For this edition of SEAtizens, we feature Jay Fai, the culinary icon from Thailand who is getting more buzz and raves from foodies around the world.
Bangkok is known for its unique and varied street food, which is prepared by Thai culinary masters who have perfected their skills and recipes through years of hard work. Among these street iron chefs, one stands out as the “aharn daam sung” (made-to-order) street food master. From the streets of Bangkok, she now represents Thai culinary culture on the global stage.
An ‘undisputed queen’ of Thai cuisine
Meet Supinya Junsuta, also known as Jay Fai (loosely translated as “Sister Mole”), a 74-year-old street food chef in Bangkok at her seven-table shophouse restaurant, Raan Jay Fai located in 327 Maha Chai Rd, Khwaeng Samran Rat, Khet Phra Nakhon, Krung Thep Maha Nakhon 10200, Thailand. She has been known as Thailand’s “Street Food Queen,” and in 2017, she was the first person selling food on the street in Thailand to get the prestigious Michelin Star!
Wearing her signature goggles and red lipsticks, the local legend continues what her father started 70 years ago, becoming famous for her signature dishes that she perfected, which includes crab omelette, drunken noodles, crab yellow curry, and logic-defying dry tom yum.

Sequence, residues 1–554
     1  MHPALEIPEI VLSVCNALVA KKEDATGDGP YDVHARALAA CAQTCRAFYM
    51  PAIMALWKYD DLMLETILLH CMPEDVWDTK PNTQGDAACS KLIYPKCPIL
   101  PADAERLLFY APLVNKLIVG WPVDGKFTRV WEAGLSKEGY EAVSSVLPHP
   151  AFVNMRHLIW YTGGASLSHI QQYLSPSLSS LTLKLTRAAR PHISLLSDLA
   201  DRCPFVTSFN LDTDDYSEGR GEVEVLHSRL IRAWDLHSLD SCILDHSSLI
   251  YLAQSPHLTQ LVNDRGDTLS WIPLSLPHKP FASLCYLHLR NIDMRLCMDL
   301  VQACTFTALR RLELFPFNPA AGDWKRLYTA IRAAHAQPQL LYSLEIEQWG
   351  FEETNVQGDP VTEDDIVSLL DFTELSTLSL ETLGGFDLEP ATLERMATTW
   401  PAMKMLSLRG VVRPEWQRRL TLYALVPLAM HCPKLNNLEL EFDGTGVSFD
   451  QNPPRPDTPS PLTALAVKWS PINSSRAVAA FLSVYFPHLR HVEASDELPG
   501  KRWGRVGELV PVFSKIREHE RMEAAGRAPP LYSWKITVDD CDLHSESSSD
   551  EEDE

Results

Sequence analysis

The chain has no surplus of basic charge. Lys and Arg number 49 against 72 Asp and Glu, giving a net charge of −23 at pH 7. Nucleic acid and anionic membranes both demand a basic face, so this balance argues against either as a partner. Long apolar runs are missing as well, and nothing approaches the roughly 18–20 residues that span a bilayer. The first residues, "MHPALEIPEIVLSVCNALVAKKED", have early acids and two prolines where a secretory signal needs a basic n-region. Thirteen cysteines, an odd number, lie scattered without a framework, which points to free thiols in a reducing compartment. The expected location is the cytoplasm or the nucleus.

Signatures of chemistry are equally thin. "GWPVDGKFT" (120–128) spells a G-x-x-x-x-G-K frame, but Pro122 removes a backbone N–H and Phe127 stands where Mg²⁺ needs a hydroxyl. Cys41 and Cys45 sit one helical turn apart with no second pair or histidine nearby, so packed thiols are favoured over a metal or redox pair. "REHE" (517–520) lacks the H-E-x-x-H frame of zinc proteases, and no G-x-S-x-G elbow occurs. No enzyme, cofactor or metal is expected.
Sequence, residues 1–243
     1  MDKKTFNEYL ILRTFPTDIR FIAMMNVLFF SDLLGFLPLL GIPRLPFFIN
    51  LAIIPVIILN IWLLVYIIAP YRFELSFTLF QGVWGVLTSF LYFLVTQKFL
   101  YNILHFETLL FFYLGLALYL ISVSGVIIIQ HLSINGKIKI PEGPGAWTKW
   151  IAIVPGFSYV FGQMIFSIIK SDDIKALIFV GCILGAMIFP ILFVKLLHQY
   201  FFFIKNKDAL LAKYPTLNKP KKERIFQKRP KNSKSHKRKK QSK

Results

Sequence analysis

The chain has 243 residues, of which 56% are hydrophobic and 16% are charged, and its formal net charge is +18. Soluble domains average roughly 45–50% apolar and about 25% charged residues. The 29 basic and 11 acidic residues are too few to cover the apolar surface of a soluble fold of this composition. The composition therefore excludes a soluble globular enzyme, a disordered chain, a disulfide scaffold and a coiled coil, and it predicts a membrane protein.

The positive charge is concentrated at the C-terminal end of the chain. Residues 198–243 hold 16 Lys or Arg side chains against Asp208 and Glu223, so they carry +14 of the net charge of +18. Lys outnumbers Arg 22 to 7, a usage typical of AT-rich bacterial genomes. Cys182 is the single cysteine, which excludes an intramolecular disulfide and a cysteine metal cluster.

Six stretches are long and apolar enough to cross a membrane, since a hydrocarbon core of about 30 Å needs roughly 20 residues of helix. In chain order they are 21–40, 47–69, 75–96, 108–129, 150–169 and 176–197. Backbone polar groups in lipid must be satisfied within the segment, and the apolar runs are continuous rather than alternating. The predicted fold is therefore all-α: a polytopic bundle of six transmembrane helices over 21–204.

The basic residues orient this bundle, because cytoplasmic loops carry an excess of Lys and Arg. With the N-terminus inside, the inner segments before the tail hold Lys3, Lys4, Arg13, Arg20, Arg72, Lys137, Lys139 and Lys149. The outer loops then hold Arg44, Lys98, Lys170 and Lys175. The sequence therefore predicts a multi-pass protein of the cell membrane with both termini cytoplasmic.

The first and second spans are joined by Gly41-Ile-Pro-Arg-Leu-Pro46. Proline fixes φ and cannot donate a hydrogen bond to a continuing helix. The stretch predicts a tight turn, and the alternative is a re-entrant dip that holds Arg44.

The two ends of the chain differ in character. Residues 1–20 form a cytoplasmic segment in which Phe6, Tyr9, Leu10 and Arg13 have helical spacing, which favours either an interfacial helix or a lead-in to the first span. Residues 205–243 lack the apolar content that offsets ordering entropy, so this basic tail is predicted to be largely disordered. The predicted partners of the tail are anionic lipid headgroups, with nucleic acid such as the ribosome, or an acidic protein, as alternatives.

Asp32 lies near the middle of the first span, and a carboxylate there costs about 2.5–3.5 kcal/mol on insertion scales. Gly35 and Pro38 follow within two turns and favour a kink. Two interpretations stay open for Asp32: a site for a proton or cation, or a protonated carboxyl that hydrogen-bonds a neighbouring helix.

Diners at her restaurant are willing to wait in line and pay more (Jay Fai’s restaurant is one of the most expensive restaurants in Bangkok; she claims that this is because she sources the best ingredients for every dish), with some having experienced waiting for five hours just to have a taste of her dishes! Ultimately praising the food served, they describe it as “delicious and unique” and an “art-like performance.”
A ‘master of her craft’, renowned for her skills and dedication
Would you believe it if we told you that Jay Fai is the only cook in her restaurant? Although she has assistants doing menial kitchen tasks and customer assistance, all of the dishes that come out of her famous Wok are her own. In an interview with Michelin, she said that she is not considering hiring additional cooks to help her.
“When it comes to this sort of cooking, it’s difficult. I need to be the person to make everything myself,” she said.
According to Food Vlogger, Mark Weins in 2015, although she was quite famous back then in Thailand, her Michelin star boosted her to fame, and since then, her restaurant has been flocked by tourists around the world. In 2019, she was featured in a Netflix documentary called Street Food: Asia that featured different Asian cuisines, making her name a global institution in the Thai culinary scene.
Although her life’s work has been celebrated in her country and around the globe, she has never written down any of her own recipes to pass on to anyone, even though she has followed a path of perfecting her recipes all her life. She also reportedly said that she would not make her children inherit her restaurant.